Last week in South Asia, militant groups in Pakistan, including the Taliban and Baloch separatists, launched attacks against security forces and civilians. In India, Naxal-Maoist rebels expanded their militant activities beyond Chhattisgarh state. Internet restrictions imposed around the abrogation of Article 370 in the Indian Jammu and Kashmir (J&K) state were lifted after a year and a half. Demonstrations in Nepal surged as the opposition denounced the appointment of members of constitutional bodies by the caretaker government. Lastly, the third phase of the municipal elections in Bangladesh was marked by clashes between political rivals and boycotts by opposition candidates.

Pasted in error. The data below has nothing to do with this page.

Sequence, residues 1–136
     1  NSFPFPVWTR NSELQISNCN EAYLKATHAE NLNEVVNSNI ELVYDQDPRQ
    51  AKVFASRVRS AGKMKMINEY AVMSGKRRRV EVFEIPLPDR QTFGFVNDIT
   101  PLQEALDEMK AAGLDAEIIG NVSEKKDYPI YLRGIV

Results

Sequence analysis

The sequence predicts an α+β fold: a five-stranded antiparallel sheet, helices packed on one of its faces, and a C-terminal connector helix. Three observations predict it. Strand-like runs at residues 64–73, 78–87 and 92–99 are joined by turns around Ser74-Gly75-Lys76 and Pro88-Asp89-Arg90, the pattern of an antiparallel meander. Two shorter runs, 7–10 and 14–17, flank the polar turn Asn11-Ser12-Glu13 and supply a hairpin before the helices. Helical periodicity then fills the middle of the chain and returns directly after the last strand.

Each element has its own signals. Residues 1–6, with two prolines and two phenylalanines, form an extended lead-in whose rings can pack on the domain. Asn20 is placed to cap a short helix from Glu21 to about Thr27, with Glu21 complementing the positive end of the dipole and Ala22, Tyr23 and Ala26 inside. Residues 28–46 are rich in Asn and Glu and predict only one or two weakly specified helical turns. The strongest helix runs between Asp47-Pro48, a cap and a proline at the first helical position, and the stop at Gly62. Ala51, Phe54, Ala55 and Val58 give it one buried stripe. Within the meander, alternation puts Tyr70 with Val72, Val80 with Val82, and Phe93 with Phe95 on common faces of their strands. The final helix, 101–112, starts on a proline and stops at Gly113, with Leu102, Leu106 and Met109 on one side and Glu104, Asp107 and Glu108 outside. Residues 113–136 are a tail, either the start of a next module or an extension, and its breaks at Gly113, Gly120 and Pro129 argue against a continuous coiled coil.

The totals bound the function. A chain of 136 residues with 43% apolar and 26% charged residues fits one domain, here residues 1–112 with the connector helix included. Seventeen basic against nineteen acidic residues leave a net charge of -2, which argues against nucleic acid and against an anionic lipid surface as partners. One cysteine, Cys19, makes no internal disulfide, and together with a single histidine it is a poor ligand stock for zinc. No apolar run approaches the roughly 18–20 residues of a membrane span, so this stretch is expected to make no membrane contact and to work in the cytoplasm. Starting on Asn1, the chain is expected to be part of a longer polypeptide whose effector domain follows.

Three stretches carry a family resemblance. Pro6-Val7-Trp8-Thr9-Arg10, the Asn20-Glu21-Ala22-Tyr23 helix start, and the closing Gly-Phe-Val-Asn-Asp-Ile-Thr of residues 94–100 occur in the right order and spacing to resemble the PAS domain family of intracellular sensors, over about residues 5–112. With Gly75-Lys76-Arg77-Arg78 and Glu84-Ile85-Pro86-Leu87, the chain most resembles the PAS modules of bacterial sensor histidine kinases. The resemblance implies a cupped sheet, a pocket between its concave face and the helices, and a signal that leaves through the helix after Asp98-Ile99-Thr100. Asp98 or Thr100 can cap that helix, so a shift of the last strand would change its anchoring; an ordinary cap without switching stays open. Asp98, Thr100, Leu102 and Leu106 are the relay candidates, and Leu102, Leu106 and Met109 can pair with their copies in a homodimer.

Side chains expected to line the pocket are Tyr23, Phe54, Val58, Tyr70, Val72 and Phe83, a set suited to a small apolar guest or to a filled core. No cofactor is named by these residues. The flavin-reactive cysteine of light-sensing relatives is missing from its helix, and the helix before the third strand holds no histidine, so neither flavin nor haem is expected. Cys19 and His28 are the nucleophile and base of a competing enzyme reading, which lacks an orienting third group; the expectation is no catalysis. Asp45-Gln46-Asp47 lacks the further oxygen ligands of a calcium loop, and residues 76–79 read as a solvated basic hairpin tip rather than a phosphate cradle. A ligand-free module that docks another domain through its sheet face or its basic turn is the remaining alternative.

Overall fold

Last week in Pakistan, the Taliban and other militants resurfaced and launched attacks on state forces in Khyber Pakhtunkhwa (KP) province. In North Waziristan district, four Tehreek-i-Taliban Pakistan (TTP) militants and two soldiers were killed during an encounter following a search operation in the area. Three suspected TTP militants were killed in an intelligence-based operation in Lower Dir district. Unidentified militants fired at officers from the Counter-Terrorism Department, killing one officer and injuring at least two others. In August 2020, the anti-government fundamentalist TTP reunited with two splinter groups: Jamat-ul-Ahrar (JuA) and Hizb-ul-Ahrar (HuA). This signaled a potential regrouping of militants in the former tribal areas of KP and further threats to security in the region (Al Jazeera, 18 August 2020; League of India, 1 February 2021).